California Congress of Parents and Teachers, Tested Recipes
California Congress of Parents And Teachers Los angeles Tenth District
Los Angeles, 1934
The California Congress of Parents and Teachers 10th District had its origins in the Los Angeles Federation of Mothers’ Clubs, founded in 1900. The organization soon changed its name to the California Congress of Mothers and Child Study Circles and was a precursor to the PTA. The group was one of the first local chapters in the nation-wide Congress of Parents and Teachers - officially becoming California’s “Tenth District” in 1920.
The nation-wide PTA was born even earlier, in 1897. Known then as the National Congress of Mothers, the first gathering of more than 2,000 participants in Washington D.C. was organized by Alice McLellan Birney and Phoebe Apperson Hearst (mother of publisher William Randolf Hearst). The 3-day conference led to State chapters around the Country, and eventually at the District level. The organization officially changed its name to the Parent Teacher Association (PTA) in 1966.
However, it is important to note that the present-day PTA is rooted not only in Birney and Hearst’s Congress of Mothers but also in the National Congress of Colored Parents and Teachers founded by Selena Sloan Butler in 1911, in Georgia. By 1926 that organization had chapters across the U.S. Many schools remained segregated throughout the Country for decades and the NCCPT did not officially merge with the PTA in 1970.
Butler was a prolific women’s organizer. In addition to the NCCPT, Butler was the founder of the “Grey Ladies Corp.” - the first African American women’s chapter of the Red Cross during WWI. She was also an active member of the Order of Eastern Star, which has several cookbooks in this archive.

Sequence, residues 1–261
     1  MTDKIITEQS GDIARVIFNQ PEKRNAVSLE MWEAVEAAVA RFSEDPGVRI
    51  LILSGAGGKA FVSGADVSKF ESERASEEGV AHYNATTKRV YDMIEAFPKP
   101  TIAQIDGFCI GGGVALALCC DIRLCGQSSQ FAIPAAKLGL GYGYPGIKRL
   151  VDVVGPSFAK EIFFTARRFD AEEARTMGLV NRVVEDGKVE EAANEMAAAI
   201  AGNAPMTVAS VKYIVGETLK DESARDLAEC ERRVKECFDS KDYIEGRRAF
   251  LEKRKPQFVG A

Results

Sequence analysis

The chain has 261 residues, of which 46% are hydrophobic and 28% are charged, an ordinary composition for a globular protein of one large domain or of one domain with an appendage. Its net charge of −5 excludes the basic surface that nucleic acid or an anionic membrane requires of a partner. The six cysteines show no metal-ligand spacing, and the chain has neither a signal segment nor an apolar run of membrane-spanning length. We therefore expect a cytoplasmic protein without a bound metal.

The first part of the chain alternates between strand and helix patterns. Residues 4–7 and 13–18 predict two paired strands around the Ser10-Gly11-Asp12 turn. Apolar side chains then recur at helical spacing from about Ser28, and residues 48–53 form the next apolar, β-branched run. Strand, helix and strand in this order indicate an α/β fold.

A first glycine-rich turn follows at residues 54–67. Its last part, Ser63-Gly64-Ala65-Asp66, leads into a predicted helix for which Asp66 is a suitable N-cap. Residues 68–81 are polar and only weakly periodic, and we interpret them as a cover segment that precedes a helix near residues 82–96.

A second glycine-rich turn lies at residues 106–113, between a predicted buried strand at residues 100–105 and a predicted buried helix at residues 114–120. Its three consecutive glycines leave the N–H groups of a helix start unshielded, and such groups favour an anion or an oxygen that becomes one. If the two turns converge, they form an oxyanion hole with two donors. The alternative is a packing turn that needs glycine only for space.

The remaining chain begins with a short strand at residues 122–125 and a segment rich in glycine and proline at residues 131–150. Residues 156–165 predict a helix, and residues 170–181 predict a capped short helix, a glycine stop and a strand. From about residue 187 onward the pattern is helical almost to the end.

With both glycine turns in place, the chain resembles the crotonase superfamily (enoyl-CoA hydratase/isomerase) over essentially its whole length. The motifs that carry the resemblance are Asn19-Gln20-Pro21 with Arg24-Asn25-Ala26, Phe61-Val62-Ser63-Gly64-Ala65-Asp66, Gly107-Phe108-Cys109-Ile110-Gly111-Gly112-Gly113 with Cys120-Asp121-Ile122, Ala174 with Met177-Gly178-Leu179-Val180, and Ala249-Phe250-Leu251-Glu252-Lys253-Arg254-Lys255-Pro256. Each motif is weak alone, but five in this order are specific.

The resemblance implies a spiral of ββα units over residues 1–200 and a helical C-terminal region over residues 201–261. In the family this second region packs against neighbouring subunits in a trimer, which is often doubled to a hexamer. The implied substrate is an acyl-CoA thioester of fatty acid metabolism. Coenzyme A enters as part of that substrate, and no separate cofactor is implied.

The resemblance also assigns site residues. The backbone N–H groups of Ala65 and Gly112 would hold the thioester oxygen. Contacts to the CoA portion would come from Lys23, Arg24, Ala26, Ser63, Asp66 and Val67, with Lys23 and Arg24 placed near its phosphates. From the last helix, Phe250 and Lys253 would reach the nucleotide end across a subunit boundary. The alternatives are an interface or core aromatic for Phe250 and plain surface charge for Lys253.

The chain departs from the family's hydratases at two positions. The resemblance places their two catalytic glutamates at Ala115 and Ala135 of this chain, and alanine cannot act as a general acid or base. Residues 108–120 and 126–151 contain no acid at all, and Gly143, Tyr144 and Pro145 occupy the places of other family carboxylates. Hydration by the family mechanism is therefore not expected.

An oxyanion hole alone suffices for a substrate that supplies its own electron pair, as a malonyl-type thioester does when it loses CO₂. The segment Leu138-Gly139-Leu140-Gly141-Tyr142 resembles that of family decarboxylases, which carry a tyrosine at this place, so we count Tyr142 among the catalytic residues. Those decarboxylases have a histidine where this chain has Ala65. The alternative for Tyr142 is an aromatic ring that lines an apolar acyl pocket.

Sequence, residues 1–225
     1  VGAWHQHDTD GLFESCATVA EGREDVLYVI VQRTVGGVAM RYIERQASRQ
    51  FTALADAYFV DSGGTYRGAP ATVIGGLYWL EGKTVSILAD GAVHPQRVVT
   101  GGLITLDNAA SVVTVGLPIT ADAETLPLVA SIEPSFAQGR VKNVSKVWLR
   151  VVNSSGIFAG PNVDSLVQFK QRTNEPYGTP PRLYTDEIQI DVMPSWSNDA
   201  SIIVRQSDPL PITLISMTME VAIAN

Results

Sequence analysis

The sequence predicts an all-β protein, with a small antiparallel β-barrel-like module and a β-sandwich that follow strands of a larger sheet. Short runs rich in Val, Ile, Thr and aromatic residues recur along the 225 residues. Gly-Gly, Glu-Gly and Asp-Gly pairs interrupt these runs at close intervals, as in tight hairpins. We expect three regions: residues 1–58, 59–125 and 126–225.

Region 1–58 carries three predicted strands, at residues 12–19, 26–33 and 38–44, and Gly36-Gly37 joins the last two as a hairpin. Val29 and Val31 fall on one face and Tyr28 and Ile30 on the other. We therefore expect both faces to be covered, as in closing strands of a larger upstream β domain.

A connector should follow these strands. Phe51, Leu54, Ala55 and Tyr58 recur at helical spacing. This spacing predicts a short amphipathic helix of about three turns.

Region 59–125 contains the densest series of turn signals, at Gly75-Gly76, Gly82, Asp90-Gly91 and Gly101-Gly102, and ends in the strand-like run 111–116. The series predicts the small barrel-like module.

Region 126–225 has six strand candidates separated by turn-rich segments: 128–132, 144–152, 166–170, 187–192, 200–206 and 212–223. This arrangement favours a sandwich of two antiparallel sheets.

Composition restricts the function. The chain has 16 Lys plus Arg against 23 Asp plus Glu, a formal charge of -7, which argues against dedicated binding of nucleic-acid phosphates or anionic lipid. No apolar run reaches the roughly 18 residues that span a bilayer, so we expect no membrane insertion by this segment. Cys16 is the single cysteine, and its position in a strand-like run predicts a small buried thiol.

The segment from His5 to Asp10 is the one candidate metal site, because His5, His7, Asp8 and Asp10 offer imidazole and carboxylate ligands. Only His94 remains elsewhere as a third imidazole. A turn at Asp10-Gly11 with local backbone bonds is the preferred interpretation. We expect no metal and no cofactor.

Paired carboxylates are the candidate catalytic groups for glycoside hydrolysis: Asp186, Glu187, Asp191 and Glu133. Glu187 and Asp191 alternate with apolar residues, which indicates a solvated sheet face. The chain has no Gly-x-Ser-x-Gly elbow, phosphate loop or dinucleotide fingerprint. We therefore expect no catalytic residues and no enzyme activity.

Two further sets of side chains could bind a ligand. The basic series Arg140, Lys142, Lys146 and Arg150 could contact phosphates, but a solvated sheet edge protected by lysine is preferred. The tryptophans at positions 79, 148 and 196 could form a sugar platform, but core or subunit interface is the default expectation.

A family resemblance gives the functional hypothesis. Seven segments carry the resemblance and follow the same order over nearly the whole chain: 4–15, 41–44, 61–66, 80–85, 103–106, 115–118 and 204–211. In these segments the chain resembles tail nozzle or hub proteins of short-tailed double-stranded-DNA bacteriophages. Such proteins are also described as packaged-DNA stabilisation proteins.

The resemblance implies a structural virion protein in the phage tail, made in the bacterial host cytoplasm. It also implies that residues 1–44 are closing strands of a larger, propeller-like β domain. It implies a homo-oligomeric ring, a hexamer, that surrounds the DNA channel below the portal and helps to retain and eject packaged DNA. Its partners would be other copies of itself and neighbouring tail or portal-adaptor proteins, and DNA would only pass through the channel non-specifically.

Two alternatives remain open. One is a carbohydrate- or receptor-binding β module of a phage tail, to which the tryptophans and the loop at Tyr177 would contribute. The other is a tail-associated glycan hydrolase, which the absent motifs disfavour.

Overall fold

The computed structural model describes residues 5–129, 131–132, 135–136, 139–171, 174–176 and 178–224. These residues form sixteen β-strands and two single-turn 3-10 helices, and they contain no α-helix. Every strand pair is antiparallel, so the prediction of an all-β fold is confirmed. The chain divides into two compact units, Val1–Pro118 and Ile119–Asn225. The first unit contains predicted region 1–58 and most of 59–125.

While PTAs have often been caricatured in popular culture as Stepford-wife relics, Los Angeles’ Tenth District is still very active today. On their website, the organization notes:
“Where health and nutrition were main priorities in 1920, we now find such issues as drug abuse, adolescent pregnancy, teenage suicide, cultural diversity and television viewing skills on our busy agenda. School funding is a paramount concern today and the PTA has developed a legislative advocacy program to seek governmental support of public education and child welfare.”
The group currently provides parent education, leadership training, advocacy on behalf of parents and students with the LAUSD Board, health and wellness, Arts scholarships and many other services.
Black & white photo from the Valley Times Collection via the LAPL. It depicts Mrs. Albert Doraster, president of the Mid Valley Council PTA, getting “big buss from hubby” as she heads to the state convention of the California Congress of Parents and Teachers.
School leadership at the District and State level in the 1940s and ‘50s was still largely the domain of men, but the PTA gave many women a powerful voice. Even as of 2017, women made up over 75% of teachers and administrators, but only 52% of school principals and only 25% of superintendents (up from 13% in 2000).